their list that wasn't on the other two, and I said, to build a community
around their work that they can communi cate with -- also, of course, to
make a living from their work (which rightsholders don't really care that
much about, since they often see individual artists as interchangeable.)

wg
  
inkwell.vue.146 : On the Scene: CFP 2002
permalink #37 of 167: Paul (biscuit) Wed 17 Apr 02 12:08
    
Excellent proposal, wendy.

Thanks for the great summary, Bruce!

Keep it coming as you are able.
  
inkwell.vue.146 : On the Scene: CFP 2002
permalink #38 of 167: virtual community or butter? (bumbaugh) Wed 17 Apr 02 14:11
    
We're at a momentary pause between lunch and the (first? I forget how many
are scheduled) afternoon session.

Check that: Diane Ditzler (US Postal Service) is introducing the session on
the USA Patriot Act.

Our luncheon speaker was Timothy Muris, the Chairman of the Federal Trade
Commission. In the main, he gave a pretty standard "rubber chicken circuit"
talk. He reviewed various initiatives and accomplishments of the Commission
since he assumed the chair last year.

Worth noting: the FTC is working with some in Congress on legislation on
identity theft, Social Security Numbers, and SPAM.

He talked about the proposed National "Do Not Call" registry.

There's supposed to be a means to report SPAM you recieve at uce.ftc.gov.
  
inkwell.vue.146 : On the Scene: CFP 2002
permalink #39 of 167: virtual community or butter? (bumbaugh) Wed 17 Apr 02 14:13
    
Make that ( uce@ftc.gov )( uce@ftc.gov ) to report  SPAM
  
inkwell.vue.146 : On the Scene: CFP 2002
permalink #40 of 167: Gail Williams (gail) Wed 17 Apr 02 14:22
    

Hey, I was about to post that!

I gathered by his comments that he considers spam about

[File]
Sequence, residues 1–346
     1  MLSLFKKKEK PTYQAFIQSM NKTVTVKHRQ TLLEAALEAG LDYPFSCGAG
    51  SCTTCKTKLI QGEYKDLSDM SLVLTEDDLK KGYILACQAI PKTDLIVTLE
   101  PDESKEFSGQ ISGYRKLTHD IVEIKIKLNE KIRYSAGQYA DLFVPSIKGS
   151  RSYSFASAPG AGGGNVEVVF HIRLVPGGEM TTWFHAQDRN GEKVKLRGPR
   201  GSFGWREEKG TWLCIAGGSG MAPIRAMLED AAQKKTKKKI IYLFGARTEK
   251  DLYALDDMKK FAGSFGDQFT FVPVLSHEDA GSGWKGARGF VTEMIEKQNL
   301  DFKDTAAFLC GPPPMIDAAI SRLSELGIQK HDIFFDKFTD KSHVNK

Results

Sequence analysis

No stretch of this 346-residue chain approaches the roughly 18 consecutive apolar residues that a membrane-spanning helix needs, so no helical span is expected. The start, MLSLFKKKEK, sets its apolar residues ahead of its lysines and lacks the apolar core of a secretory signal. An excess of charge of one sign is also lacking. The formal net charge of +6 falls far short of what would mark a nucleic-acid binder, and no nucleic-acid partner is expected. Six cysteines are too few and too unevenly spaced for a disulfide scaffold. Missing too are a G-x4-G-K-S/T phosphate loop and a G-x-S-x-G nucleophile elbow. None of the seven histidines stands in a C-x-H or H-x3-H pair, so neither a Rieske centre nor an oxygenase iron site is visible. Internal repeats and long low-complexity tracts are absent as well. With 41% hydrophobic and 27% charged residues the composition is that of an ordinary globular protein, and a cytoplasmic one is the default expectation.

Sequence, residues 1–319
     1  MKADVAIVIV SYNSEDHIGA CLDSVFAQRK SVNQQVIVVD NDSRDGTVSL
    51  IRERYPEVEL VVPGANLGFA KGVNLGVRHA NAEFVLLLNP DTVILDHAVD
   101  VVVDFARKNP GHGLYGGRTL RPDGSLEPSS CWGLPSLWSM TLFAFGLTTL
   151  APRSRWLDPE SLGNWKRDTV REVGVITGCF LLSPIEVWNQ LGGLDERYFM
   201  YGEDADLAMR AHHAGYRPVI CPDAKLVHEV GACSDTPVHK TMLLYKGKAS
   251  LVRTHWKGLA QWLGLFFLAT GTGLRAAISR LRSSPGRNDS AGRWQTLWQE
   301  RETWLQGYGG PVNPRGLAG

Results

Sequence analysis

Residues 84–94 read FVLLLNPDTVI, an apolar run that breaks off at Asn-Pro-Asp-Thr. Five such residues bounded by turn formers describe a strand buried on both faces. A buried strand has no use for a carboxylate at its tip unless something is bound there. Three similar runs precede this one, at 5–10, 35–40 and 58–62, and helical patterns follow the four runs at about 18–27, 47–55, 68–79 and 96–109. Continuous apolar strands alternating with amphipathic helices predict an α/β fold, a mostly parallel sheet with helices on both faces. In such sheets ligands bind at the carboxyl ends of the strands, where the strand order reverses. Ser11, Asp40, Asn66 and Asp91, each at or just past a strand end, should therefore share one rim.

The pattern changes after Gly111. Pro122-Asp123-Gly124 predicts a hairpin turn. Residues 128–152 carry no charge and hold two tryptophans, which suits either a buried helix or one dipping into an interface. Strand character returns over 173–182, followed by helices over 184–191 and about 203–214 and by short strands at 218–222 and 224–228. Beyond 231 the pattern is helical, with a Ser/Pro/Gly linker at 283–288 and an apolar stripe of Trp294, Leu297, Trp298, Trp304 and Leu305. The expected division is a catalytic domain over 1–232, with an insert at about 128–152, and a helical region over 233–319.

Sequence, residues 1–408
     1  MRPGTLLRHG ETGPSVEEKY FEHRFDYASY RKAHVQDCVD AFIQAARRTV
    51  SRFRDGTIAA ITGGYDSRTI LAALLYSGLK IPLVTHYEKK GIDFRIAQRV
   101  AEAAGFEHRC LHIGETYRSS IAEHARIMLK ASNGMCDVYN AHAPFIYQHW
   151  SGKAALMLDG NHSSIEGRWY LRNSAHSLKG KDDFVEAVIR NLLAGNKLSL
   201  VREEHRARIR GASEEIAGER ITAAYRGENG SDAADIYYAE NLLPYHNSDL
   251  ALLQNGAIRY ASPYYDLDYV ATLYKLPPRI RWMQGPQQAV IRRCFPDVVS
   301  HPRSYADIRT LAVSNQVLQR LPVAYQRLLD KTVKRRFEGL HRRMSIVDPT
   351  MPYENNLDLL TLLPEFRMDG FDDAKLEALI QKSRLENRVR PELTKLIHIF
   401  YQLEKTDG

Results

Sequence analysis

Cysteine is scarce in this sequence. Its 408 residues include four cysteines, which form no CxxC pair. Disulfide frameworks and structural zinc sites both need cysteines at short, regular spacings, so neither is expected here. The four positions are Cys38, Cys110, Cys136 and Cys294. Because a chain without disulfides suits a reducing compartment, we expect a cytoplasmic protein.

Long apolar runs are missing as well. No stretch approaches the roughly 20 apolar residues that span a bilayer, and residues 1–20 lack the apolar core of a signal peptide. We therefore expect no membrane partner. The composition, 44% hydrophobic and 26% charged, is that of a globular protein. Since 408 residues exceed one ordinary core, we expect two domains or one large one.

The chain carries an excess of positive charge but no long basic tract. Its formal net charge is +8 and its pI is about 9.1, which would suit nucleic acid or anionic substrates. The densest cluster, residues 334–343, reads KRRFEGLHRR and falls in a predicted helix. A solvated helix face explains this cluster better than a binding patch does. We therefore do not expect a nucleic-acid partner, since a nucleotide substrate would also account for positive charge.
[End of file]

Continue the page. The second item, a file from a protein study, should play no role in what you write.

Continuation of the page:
99% synonymous with fraud.   Meaning he doesn't want to get tough on
"legit" opt-in commercial mail, much as that is abused, or confusing, too.

He didn't want to make a rule about having to alert people if a company
is to unilaterally change a site's policies, for example, as in 
the recent yahoo debacle.
  
inkwell.vue.146 : On the Scene: CFP 2002
permalink #41 of 167: Bruce R Koball (bkoball) Wed 17 Apr 02 14:32
    
logging in from the conference floor...  Proxim is providing 802.11a/b
connectivity for the conference, including loaner pcmcia cards for the
technologically backwards peasants (like me) who have yet to embrace
the wonders of wireless... I admit, it's kinda cool! I wonder if I can
trade sends with someone else on the conf. floor.

re: Muris... while I was gratified to hear the FTC is pursuing its plan
for a Do Not Call registry for telemarketers, but I thought his
presentation, overall, was nothing new and certainly nothing
agressive... while he took some shots at the easy targets of
telemarketers and spammers, most of his descriptions of FTC
achievements so far were of the model where industry self-polices and
when it "makes mistakes" FTC steps in with corrective action... the
thing that bothered me was the underlying assumption of lack of malice